Wednesday, August 19, 2009

Raymond Geuss on the discourse of "soaring prices"

Much of the terrain of recent health care 'debates' has been fought over how to hold down 'soaring' or 'excessive' costs. As this helpful interactive history of health reform makes clear, this is not new. Today the issue is again framed as one of 'excessive' costs. Yet in any reasonably comprehensive discussion of health care reform talk of costs should be marginal, at best.

What about, for instance, the justifiability of subjecting access to health care to market forces at all? What about the status of access to health care: is it a 'human right', as a matter of social justice should everyone have access to basic medical care? Should the institutions responsible for financing people's access to health care be run by profiteers who ration care according to the dictates of profit-maximizing calculations? Should access to health care be thought of in the same way that we think of any other commodity? All of these crucial questions are totally lost in the fray of the technocratic quibbling over 'soaring costs'. As Geuss presciently explained in his most recent book published last December:
"Diverting attention from the way in which certain beliefs, desires, attitudes, or values are the result of particular power relations, can be a sophisticated way of contributing to the maintenance of an ideology, and one that will be relatively immune to the normal forms of empirical refutation. If I claim (falsely) that all human societies, or all human societies at a certain level of economic development, have a 'free market' in health services, that is a claim that can be demonstrated to be false. On the other hand, if I focus your attention in a very intense way on the various different tariffs and pricing schema that doctors or hospitals or drug companies impose for their products and services, and if I become morally outraged by "excessive" costs some drug companies charge, discussing at great length the relative rates of profit in different sectors of the economy, and pressing the moral claims of patients, it is not at all obvious that anything I say may be straightforwardly "false"; after all, who knows what "excessive" means? However, by proceeding in just this way I might well focus your attention on narrow issues of "just" pricing, turning it away from more pressing issues about the acceptance in some societies of the very existence of a "free market" for drugs and medical services. One can even argue that the more outraged I become about the excessive price the more I obscure the underlying issue.... relatively marginal issues come to be presented as though they were central and essential."- From his Philosophy and Real Politics (Princeton UP, 2009).
As Geuss makes clear, the more intensely we are encouraged to focus in on issues of pricing, the more the underlying issues are obscured. The debates over HMO's in the late 60s and early 70s were fought over issues of 'soaring prices', which makes painfully clear how easily the uproar over 'unjust pricing' can be appropriated by the Right. Its not a far reach from the language of 'soaring costs' to move quickly into a fiscally austere, cost-cutting and belt-tightening orientation toward social spending as such. We have already seen some of this right-wing appropriation latent in complaints about 'greedy doctors', which as a friend pointed out to me recently, threatens to become the new 'welfare queen'.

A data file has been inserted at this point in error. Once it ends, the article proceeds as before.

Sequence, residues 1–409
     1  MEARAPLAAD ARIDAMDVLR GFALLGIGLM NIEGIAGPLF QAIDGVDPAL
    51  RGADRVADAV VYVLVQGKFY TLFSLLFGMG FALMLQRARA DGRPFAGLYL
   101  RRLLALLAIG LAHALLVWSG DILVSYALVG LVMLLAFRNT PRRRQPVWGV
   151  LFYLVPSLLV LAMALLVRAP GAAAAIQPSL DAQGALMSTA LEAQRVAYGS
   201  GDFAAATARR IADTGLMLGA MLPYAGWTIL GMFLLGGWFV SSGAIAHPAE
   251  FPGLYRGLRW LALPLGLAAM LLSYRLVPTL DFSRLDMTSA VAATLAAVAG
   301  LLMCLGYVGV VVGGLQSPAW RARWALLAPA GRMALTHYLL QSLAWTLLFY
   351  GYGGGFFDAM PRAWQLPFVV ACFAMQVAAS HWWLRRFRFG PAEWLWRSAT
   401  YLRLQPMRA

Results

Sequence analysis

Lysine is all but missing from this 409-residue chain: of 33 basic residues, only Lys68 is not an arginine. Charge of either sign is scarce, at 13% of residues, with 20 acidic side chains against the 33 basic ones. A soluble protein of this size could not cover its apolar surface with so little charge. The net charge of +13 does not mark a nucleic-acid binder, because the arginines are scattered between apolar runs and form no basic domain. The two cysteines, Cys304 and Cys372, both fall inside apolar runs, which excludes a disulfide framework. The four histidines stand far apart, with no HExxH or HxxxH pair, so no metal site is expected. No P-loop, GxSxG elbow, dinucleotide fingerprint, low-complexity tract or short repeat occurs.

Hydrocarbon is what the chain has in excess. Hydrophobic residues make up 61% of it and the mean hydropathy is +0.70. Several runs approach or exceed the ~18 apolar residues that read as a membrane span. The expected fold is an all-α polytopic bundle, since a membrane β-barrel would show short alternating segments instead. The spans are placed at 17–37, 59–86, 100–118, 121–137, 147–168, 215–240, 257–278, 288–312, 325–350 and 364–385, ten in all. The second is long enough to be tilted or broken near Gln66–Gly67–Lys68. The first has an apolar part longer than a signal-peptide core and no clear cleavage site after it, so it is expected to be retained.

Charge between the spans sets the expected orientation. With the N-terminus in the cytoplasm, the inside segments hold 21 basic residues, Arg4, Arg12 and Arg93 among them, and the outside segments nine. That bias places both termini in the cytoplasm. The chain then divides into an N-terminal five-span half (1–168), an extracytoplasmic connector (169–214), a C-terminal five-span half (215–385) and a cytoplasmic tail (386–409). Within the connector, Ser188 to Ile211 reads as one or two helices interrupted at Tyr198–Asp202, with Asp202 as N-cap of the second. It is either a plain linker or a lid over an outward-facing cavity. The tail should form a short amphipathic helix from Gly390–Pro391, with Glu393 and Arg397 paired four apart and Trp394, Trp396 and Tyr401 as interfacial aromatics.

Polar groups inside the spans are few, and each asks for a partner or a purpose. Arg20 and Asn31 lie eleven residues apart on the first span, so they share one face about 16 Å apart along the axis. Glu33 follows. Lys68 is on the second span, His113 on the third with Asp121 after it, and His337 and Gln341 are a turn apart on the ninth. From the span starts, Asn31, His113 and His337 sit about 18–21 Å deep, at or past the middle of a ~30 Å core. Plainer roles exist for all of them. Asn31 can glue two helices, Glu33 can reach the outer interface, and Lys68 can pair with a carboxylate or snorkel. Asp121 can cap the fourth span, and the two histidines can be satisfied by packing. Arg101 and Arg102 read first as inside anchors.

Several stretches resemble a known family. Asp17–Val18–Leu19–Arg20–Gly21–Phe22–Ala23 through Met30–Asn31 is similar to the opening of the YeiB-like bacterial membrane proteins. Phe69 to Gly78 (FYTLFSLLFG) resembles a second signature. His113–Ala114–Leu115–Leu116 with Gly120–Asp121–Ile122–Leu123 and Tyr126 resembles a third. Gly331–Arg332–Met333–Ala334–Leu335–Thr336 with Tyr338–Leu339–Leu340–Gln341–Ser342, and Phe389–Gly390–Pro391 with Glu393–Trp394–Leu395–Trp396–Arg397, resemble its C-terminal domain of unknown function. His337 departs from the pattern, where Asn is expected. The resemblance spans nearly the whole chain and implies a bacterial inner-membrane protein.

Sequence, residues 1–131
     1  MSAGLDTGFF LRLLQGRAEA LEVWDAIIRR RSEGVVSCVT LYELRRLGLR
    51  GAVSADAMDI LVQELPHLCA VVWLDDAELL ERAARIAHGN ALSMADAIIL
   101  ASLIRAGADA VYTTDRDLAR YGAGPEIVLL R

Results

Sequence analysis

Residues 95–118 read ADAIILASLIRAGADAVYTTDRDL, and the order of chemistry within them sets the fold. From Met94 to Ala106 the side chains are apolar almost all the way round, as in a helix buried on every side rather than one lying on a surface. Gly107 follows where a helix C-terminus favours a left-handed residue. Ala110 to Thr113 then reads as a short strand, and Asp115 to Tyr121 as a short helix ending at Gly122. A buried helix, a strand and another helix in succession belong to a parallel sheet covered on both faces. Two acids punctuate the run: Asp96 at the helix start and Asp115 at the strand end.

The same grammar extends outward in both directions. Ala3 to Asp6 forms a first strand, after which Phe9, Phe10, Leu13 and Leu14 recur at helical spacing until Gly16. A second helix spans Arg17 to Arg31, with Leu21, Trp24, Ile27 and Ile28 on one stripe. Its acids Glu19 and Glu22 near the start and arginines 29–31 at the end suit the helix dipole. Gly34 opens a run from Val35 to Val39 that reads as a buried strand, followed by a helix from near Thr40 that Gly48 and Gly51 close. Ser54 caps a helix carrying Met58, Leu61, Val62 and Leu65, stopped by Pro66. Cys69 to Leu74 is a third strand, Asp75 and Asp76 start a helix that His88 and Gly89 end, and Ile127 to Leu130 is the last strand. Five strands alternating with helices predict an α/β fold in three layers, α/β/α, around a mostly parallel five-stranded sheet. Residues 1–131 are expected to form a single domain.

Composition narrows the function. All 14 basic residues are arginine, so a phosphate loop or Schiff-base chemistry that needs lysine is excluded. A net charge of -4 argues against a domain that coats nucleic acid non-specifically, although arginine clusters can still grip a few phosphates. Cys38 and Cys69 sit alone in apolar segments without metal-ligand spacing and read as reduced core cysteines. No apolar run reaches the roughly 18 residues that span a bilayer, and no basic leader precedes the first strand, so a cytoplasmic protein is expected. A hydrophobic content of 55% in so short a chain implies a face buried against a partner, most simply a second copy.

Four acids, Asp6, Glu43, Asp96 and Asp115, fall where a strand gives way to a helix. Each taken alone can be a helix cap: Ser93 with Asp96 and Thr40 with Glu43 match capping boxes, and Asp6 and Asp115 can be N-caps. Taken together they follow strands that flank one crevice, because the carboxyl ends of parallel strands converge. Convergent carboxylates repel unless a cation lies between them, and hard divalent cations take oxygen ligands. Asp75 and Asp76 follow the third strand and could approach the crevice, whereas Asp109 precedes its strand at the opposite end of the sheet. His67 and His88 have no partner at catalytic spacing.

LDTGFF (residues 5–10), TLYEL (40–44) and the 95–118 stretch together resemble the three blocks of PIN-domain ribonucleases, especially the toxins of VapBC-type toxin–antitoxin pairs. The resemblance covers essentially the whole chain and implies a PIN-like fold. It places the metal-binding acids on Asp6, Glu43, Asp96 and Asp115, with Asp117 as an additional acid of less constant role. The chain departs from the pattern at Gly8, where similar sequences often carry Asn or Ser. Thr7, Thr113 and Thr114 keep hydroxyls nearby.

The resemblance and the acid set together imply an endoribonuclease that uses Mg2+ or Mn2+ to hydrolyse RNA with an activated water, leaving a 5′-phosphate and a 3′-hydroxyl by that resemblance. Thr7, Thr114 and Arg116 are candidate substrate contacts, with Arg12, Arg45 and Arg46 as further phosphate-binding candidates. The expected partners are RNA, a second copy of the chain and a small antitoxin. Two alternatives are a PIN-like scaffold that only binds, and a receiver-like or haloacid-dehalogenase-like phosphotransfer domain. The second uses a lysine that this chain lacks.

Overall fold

This is not to say that thinking of large, aggregate social costs is not important when devising how the reform of health insurance institutions must proceed. But talking about large, macro issues is a qualitatively different activity from the depoliticized rabble rousing about costs lighting up the 24-hour cable news circuit. The quibbling about costs to individuals says nothing of how much of GDP is spent on health care, how much tax revenue is available to be spent on health care and how best to collect it, how much per capita is spent at present compared to other rich capitalist nations, how much private health insurers set aside for their own enrichment, for advertising, for needless bureaucracy and overhead.

To passively adopt the language of costs is already to accept an entirely unjust set of institutional arrangements. It is to accept the idea that access to health care is a commodity floating amidst a fray of market forces.

2 comments:

Arvilla said...

"To passively adopt the language of costs is already to accept an entirely unjust set of institutional arrangements. It is to accept the idea that access to health care is a commodity floating amidst a fray of market forces."

But haven't you heard? Obama is pragmatic! How on earth "pragmatism" got to be more admirable than having actual values is beyond belief for me.

T said...

Yeah, man! Obama is just being 'realistic' and grasping the truth, articulated by the majority party Democrats, that more progressive reforms are 'not politically feasible'...

Wait, how is it that the Democrats (the party in power) can claim that they are restricted in what they can do by what's 'politically feasible' when THEY ARE THE ONES WHO DETERMINE WHAT IS FEASIBLE? This line is even worse when it comes from the Kent Conrads and the Max Baucuses... as thought THEY weren't the ones constricting what possibilities are up for grabs in the health care debate?!